As I understand it, the US Treasury has completed its investigation. Handling of the matter lies with the Chinese authorities, who have issued a statement saying they will release the funds. Yet, that's not good enough. Money in the account. Of course, this could be politically motivated (to make a point), as opposed to a simple lack of trust.
Apparently China (the source of this information) urged the North to attend the talks anyway, but to no avail. Kenichiro Sasae, the leading Japanese negotiator, is quoted as having said, "According to China, North Korea said they will not come to join further discussions until they confirm that their money got into their bank account in China," and, "There was no progress at all today." "China as chairman (of the talks) urged North Korea to come to the table but they would not come."
- Answering those who had questions about how the funds would be used once released, Deputy Assistant Treasury Secretary Daniel Glaser noted that they would be "used solely for the betterment of the North Korean people." Really? OK. I'd be very interested to know what measures are being used (and by whom) that allow a statement of such certainty to be made with regard to monitoring how the North uses & spends money domestically.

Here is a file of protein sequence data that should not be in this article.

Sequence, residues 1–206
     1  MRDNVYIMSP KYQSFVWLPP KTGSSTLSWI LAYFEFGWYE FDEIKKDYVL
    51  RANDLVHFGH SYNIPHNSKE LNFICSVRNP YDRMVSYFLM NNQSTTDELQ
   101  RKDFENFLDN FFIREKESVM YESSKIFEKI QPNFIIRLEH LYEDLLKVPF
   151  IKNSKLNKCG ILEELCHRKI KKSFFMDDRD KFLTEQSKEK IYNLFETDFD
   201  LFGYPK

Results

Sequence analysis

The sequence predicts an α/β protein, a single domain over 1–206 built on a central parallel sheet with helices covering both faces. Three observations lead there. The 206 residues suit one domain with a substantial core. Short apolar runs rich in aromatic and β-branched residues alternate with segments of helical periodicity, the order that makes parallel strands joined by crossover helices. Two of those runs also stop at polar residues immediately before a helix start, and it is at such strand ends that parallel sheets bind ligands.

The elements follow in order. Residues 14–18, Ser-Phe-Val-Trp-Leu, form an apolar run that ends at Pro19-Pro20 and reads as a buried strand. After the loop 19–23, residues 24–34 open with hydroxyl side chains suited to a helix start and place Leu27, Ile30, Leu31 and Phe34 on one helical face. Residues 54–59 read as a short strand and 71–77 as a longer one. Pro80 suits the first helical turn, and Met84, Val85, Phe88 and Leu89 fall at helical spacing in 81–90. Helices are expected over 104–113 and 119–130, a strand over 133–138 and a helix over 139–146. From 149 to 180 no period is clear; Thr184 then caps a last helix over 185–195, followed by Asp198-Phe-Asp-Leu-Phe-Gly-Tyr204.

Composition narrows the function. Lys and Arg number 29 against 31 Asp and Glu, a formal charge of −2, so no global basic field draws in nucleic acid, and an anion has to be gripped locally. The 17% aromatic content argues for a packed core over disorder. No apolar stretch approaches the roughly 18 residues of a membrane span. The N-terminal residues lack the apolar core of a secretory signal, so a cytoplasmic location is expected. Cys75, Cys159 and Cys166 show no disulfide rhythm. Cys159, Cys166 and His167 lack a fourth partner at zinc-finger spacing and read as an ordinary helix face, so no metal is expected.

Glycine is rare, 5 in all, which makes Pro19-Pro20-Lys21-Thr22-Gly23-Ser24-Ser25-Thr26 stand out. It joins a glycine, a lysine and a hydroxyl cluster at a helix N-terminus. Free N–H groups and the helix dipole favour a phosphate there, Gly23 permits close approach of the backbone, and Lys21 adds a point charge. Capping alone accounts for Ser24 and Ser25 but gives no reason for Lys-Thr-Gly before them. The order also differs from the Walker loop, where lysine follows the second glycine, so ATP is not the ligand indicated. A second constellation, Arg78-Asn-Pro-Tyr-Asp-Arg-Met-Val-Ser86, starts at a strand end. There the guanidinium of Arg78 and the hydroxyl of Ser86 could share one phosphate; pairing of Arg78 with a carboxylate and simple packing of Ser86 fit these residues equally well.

- South Korean envoy Chun Yung-woo is quoted as saying, "If there is a single nuclear weapon left in North Korea, it is not denuclearization," Chun said. "What we are pursuing is a complete denuclearization." Wow. Clearly worded and unequivocal. Ambitious, too.
- Issues remain between the DPRK and Japan...and are apparently presenting an obstacle to further progress. Japan says it won't contribute aid until the abduction issue is resolved. North Korea, for its part, says it doesn't want Japanese aid (thank you very much!!), and that Japan should drop issuse, issue an apology for its wartime aggression against the North, and compensate it.
And so it goes...